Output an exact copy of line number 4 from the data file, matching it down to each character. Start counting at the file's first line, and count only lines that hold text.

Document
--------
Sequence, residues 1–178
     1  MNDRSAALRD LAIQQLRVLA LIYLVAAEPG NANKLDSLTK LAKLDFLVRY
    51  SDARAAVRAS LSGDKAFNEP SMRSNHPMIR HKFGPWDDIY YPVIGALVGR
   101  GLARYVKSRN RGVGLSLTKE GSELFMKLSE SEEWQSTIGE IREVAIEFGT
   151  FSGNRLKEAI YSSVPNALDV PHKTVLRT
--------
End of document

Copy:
   101  GLARYVKSRN RGVGLSLTKE GSELFMKLSE SEEWQSTIGE IREVAIEFGT